Pediatric cervical spine injury (CSI) that is related to blunt
trauma occurs in 1% to 2% of all children who are admitted
to the hospital after blunt trauma1-3. Cervical spine clearance
for potential injury is performed daily in emergency departments (EDs) throughout the world. However, in a recent survey of level-I pediatric trauma centers in North America, only
46% of institutions had a written pediatric cervical spine clearance protocol4
In pediatric centers, an algorithmic approach or protocol
for cervical spine clearance reduces time to cervical collar
removal5 and limits patient exposure to ionizing radiation by
reducing the use of radiography and computed tomography
(CT)6,7. Published protocols and clinical guidelines for pediatric cervical spine clearance differ in criteria for clinical clearance and the use of imaging7-12.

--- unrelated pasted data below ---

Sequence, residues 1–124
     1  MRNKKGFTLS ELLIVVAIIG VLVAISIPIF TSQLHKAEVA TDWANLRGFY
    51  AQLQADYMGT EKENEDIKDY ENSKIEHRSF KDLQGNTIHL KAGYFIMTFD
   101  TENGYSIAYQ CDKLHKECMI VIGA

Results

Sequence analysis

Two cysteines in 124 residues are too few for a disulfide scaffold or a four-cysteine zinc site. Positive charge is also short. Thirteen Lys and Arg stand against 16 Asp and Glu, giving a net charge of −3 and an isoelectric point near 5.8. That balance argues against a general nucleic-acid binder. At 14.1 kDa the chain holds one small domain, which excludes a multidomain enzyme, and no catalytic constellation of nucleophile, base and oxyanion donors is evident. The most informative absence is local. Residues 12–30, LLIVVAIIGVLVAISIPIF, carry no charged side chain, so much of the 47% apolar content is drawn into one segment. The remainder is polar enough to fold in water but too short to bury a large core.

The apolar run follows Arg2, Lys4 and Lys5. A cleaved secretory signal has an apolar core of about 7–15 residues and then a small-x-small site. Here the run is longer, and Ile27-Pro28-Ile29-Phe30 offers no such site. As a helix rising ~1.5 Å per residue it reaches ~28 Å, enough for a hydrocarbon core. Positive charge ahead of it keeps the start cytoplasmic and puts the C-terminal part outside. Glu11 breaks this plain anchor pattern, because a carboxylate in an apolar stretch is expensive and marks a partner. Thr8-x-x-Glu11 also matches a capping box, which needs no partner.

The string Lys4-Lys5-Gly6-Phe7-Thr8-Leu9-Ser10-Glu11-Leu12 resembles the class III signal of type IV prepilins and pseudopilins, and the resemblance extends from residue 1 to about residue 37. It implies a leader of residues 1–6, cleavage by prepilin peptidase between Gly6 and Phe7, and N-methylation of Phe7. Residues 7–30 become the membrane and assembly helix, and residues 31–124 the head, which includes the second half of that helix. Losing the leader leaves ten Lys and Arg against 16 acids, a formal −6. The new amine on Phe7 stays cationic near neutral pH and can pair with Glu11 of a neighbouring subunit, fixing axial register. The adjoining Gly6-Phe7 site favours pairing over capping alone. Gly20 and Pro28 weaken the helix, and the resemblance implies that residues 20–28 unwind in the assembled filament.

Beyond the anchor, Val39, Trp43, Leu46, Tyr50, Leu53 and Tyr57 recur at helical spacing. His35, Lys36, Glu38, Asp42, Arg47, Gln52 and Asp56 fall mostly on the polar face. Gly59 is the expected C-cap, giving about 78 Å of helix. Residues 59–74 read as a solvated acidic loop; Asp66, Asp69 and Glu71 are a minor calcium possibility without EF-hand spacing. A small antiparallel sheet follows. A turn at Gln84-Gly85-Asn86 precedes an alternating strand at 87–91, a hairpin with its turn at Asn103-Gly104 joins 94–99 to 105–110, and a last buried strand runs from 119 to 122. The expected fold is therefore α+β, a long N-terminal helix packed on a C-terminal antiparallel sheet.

The Pediatric Cervical Spine Clearance Working Group
(PCSCWG), a subgroup of the Pediatric Cervical Spine Study
Group, recognized the need for a consensus on comprehensive standardized guidelines for pediatric cervical spine clearance based on the best available evidence. We established a multidisciplinary group of practitioners with expertise in
cervical spine clearance for injured children and applied
the Delphi method and the nominal group technique to create consensus statements regarding pediatric cervical spine
clearance in young patients who have experienced blunt
trauma13,14. The consensus statements were used to develop
an algorithm to guide institutional protocols for cervical spine